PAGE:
What is dominance?
Updated: Sep 15, 2022
I was inspired today to talk about dominance by a fantastic dog trainer in North Carolina. I think it's a concept that's frequently misunderstood, and often misapplied in the best of intentions - and the reason for the misapprehension is that the concept of dominance isn't well understood in our culture as a whole.
Dominance often has connotations with power, control, and violence in modern society. However, in ethology it has a very specific meaning and a limited scope of description - dominance is the direction of each pairwise interaction, a status that can change daily, contextually, and continually. A dominant animal is simply the individual who tends to be the most capable individual in most interactions.
I like to tell students that in the arena of dog training, I am dominant, but in their professional arena, I am submissive. This seems to help them understand the nature of true dominance - it is yeilded by the submissive actor, not taken by the dominant actor.
This misapprehension about dominance is directly observable mostly in those individuals who themselves are of middling rank socially. When you have questions of leadership and infighting arise, it is almost always in the middle ranks of a social group, not between the most dominant animal and anybody else. Dominant animals rarely have to defend their positions because they are strong, and stable. If one of the middling ranks is put in a position of authority, it often goes poorly because they are overwhelmed, and often this leads to unnecesary violence as they struggle to defend their weak position.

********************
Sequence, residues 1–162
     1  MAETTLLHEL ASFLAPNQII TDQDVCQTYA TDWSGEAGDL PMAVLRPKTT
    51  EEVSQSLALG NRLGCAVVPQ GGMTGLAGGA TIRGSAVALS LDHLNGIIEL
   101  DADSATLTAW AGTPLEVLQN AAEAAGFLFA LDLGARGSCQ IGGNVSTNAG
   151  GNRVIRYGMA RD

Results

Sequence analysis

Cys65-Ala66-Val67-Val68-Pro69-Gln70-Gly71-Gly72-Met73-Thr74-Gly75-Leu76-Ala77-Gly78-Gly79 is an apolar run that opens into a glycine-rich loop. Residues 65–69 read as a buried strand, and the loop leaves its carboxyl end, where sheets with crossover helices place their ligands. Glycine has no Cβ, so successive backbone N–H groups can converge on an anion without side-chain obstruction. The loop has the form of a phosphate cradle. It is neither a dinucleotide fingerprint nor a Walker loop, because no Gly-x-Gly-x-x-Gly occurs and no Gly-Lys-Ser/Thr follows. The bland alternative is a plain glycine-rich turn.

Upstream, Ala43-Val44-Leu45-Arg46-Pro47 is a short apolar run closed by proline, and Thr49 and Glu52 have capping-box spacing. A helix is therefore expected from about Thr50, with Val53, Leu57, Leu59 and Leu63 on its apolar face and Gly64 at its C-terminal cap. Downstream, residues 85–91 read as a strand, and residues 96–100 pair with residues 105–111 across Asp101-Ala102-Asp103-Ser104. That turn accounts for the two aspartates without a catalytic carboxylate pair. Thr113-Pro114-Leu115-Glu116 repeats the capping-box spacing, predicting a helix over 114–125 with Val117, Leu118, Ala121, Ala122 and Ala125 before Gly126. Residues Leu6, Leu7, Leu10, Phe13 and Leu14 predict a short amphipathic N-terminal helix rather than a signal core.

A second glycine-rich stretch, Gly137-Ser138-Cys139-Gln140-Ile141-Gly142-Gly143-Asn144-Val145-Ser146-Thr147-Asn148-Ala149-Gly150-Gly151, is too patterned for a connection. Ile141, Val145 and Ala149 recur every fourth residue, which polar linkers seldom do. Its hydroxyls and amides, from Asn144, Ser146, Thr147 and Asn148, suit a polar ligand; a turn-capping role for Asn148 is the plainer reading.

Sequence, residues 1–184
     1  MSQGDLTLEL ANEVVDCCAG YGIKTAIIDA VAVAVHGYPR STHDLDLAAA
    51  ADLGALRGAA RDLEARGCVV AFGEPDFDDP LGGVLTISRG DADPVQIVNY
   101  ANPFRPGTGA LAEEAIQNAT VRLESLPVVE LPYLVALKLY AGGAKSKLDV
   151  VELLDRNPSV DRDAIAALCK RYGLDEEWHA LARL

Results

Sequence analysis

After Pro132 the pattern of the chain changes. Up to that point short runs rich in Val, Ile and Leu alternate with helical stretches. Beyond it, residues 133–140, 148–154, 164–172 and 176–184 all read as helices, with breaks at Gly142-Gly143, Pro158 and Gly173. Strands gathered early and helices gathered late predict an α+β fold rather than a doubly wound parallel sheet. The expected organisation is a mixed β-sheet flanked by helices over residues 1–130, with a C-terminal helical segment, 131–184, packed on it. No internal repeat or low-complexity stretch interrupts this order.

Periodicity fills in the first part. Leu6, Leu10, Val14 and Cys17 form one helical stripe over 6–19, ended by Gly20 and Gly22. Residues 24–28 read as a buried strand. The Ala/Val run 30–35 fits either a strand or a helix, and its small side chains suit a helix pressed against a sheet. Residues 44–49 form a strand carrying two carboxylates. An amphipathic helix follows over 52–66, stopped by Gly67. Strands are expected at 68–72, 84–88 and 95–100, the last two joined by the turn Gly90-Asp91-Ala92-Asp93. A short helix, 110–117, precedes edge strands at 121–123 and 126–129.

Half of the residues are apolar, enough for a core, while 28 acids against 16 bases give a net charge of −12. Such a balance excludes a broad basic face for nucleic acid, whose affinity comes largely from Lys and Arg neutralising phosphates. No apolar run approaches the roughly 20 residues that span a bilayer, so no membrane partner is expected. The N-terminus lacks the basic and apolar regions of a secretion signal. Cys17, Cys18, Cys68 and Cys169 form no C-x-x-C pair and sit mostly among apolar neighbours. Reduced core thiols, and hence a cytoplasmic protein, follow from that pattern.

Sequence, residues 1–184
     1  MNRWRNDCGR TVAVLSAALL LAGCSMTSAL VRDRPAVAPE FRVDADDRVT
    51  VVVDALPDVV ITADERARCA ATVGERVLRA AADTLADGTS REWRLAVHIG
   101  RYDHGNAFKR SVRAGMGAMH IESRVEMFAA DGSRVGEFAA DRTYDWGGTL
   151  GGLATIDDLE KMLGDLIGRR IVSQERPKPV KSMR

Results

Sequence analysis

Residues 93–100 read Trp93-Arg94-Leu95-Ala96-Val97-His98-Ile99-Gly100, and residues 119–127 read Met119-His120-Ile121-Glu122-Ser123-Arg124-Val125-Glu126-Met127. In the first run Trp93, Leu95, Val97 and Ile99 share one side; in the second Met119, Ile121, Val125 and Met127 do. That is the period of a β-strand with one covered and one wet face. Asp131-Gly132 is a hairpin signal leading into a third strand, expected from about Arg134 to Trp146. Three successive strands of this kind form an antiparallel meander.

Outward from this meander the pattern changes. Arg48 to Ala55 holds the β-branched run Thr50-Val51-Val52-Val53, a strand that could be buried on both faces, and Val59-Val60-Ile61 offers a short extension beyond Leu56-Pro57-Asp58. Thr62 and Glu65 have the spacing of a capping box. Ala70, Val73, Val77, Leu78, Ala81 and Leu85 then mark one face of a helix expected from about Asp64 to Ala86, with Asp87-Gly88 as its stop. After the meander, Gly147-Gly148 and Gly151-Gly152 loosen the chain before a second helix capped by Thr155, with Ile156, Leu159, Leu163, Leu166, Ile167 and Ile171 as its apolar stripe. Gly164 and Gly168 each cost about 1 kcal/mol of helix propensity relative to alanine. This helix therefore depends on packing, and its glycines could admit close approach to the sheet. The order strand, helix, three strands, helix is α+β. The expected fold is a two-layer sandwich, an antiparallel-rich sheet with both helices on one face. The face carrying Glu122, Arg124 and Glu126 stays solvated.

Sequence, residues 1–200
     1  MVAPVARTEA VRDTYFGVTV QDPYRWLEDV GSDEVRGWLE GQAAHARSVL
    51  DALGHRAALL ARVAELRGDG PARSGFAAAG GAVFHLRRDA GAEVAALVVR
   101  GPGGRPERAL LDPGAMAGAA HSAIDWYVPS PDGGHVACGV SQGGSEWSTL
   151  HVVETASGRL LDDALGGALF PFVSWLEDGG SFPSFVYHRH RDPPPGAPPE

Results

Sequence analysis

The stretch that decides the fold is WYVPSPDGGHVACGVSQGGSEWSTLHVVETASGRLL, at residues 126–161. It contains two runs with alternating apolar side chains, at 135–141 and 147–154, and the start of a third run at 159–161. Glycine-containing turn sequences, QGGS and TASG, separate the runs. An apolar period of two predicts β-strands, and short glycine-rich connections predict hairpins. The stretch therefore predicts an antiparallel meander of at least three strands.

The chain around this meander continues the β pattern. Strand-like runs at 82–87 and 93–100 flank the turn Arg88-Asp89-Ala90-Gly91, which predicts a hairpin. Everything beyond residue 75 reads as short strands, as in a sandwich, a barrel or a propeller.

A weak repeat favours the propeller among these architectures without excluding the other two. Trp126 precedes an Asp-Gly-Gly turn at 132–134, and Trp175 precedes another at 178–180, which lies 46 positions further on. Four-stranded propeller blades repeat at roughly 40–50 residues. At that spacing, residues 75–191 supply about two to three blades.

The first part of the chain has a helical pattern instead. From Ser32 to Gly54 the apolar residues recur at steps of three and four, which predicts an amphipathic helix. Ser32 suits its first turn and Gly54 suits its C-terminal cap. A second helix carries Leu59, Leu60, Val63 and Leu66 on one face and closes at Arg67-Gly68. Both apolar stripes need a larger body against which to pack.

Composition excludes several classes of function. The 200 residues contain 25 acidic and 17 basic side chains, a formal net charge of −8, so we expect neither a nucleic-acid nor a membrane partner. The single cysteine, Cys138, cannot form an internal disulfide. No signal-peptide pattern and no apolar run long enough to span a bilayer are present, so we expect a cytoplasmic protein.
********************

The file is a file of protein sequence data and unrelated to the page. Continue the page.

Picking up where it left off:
I see very frequently problems arise when an old dog passes, as suddenly there is nobody in charge of the remaining individuals, who then descend upon each other to attempt to figure out who takes responsibility. My suggestion to most is to plan for such an event by making sure you always have a calm, stable dog around - the calmer and more reasonable a dog, generally the more dominant they are.
Capitalize on the fact that dogs transmit cultural information to each other, and teach each other, by ensuring your old dog has a ready and capable apprentice before the question arises.
(In this picture, Anchor yeilds dominance to me by rolling over and showing me his belly. He's also angling for belly rubs.)
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